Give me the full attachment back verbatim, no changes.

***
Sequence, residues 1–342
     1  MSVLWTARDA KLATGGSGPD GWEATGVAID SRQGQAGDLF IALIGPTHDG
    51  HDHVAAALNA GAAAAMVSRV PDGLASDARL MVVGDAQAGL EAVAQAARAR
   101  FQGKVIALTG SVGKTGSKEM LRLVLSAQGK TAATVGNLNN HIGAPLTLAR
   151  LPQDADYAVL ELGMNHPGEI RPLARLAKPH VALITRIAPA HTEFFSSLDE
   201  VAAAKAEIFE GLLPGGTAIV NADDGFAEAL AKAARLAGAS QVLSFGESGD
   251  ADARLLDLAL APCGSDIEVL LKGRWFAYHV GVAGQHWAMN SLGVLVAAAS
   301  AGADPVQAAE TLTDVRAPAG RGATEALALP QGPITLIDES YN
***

Sequence, residues 1–342
     1  MSVLWTARDA KLATGGSGPD GWEATGVAID SRQGQAGDLF IALIGPTHDG
    51  HDHVAAALNA GAAAAMVSRV PDGLASDARL MVVGDAQAGL EAVAQAARAR
   101  FQGKVIALTG SVGKTGSKEM LRLVLSAQGK TAATVGNLNN HIGAPLTLAR
   151  LPQDADYAVL ELGMNHPGEI RPLARLAKPH VALITRIAPA HTEFFSSLDE
   201  VAAAKAEIFE GLLPGGTAIV NADDGFAEAL AKAARLAGAS QVLSFGESGD
   251  ADARLLDLAL APCGSDIEVL LKGRWFAYHV GVAGQHWAMN SLGVLVAAAS
   301  AGADPVQAAE TLTDVRAPAG RGATEALALP QGPITLIDES YN